Re: Who took down Bonnet?

bjbest said:
From the replay, it looks like a rider passes Bonnet on the outside and cuts in too soon, hitting Bonnet's handlebars with his hip. At the 1:30 mark in this video, he's just to the right and behind Bonnet, while at the 1:33 mark Bonnet is already on his way to the ground:

https://www.youtube.com/watch?v=iSBpytkX1tA

Bonehead move, whoever that was. I wish they'd DQ riders for things like this so races would be settled by racing instead of crashing.
How does that make any sense? DQ'ing riders for unintentionally causing crashes does not reduce them, neither does it make racing decide the race more. In fact, you reduce the racing part even further, because a rider would be eliminated behind the screens, not on the road at all. A bit like Porte's wheel change at the Giro. Which might have ruined the GC battle (of course we can't know, since Porte abandoned).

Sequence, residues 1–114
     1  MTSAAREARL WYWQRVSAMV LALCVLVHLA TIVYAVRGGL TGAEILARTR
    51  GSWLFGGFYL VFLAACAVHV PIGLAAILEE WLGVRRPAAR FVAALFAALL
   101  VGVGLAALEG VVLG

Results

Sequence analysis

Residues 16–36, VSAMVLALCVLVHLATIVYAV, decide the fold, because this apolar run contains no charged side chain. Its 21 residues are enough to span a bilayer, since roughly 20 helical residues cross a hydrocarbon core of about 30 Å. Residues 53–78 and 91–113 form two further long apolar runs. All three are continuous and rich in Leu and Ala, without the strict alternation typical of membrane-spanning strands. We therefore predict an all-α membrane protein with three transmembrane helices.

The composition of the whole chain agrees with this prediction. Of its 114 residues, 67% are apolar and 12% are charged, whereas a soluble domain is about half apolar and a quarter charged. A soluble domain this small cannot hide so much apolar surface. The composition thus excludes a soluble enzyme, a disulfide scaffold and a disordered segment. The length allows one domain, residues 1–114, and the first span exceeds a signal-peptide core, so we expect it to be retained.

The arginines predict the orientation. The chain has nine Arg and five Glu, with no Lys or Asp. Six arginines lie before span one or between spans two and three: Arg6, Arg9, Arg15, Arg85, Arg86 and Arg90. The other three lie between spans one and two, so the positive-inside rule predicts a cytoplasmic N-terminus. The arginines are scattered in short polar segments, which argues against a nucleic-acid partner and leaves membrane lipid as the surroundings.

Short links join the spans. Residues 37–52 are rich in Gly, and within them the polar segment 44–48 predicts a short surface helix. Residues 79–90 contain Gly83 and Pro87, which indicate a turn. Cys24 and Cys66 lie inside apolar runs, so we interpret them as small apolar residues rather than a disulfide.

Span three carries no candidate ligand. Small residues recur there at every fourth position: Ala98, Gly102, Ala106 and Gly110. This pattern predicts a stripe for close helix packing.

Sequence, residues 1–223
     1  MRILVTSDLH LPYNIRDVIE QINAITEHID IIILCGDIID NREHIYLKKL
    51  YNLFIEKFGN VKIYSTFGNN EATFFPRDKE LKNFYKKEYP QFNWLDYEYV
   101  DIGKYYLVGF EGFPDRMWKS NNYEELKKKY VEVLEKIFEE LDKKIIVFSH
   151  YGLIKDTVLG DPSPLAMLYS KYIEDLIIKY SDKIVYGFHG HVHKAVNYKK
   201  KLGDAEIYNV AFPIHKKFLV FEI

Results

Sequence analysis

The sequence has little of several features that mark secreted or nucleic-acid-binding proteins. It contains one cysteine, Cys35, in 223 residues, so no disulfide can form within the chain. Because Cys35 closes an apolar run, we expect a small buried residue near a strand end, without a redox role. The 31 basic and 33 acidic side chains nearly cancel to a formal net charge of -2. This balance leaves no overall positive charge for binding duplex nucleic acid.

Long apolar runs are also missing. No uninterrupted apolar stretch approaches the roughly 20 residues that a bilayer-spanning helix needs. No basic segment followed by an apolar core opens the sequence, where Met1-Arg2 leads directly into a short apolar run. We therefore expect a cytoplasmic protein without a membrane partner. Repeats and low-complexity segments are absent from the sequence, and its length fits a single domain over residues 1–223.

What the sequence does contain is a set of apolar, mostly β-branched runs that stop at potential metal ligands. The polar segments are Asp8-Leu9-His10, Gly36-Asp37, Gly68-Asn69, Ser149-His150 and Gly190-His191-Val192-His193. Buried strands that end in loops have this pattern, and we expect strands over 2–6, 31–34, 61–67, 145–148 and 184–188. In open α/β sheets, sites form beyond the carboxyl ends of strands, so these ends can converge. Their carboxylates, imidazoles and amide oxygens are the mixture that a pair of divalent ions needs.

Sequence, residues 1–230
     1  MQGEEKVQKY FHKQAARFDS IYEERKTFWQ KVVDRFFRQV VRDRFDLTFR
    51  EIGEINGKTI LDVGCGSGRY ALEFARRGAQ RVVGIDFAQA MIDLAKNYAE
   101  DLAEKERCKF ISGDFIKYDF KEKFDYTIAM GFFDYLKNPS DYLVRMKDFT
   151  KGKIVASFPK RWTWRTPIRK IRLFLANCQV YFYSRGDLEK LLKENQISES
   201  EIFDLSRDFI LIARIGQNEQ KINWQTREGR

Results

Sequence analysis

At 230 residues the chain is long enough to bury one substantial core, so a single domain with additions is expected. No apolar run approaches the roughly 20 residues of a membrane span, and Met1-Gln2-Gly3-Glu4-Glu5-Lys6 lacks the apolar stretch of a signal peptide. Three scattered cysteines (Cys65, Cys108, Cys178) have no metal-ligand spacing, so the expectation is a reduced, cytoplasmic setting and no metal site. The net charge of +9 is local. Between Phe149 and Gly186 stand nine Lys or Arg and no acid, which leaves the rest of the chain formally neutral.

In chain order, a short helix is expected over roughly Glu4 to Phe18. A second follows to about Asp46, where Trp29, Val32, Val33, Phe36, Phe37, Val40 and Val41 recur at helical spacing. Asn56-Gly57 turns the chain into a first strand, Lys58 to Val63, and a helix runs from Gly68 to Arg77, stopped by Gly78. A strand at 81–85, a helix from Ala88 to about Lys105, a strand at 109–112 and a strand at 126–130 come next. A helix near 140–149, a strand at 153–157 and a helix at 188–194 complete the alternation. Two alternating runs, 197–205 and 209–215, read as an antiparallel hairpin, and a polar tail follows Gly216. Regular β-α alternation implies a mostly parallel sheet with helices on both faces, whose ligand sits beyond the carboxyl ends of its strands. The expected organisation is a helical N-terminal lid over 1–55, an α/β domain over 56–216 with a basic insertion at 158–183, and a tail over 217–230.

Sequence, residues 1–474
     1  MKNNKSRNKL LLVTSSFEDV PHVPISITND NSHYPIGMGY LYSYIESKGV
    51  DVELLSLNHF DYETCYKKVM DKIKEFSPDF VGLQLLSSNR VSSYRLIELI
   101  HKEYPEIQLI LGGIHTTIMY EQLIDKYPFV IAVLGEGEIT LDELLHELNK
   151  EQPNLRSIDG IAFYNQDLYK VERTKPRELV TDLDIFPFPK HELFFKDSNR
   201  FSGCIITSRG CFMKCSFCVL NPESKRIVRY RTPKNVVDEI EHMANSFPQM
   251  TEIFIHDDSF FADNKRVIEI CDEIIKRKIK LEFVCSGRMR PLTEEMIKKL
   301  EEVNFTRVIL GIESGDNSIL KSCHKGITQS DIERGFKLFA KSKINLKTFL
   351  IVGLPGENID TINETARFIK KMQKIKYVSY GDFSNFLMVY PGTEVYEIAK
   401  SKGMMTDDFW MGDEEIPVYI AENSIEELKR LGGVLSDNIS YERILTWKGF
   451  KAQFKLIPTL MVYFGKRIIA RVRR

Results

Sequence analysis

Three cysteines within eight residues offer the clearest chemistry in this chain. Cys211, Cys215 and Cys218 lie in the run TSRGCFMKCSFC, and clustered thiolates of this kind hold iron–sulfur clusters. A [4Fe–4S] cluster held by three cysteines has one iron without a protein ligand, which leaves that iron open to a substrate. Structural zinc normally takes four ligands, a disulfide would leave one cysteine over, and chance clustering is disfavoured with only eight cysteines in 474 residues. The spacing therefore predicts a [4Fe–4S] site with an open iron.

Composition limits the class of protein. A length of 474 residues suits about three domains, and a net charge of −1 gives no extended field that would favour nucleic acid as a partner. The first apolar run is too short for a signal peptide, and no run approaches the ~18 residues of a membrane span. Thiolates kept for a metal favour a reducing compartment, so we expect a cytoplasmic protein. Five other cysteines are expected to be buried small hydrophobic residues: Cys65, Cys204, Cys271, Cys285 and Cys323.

Furthermore, crashing IS part of racing.
 
Re: Re:

Carols said:
deValtos said:
Carols said:
deValtos said:
Froome could try the Vuelta if he won the TDF and do it this year even ?

Didn't work that great in 2012 but still came 4th IIRC.
That isn't the Double. If he loses he may try the Vuelta to salvage his season.
Well it's some kind of double.
Yeah and so is the Giro/Vuelta which Contador has accomplished. It's not The Double either.
Quintana attempted that last year too, albeit he was rather overshadowed by Froome and Contador.
 
Re: Re:

TMP402 said:
Carols said:
deValtos said:
Carols said:
deValtos said:
Froome could try the Vuelta if he won the TDF and do it this year even ?

Didn't work that great in 2012 but still came 4th IIRC.
That isn't the Double. If he loses he may try the Vuelta to salvage his season.
Well it's some kind of double.
Yeah and so is the Giro/Vuelta which Contador has accomplished. It's not The Double either.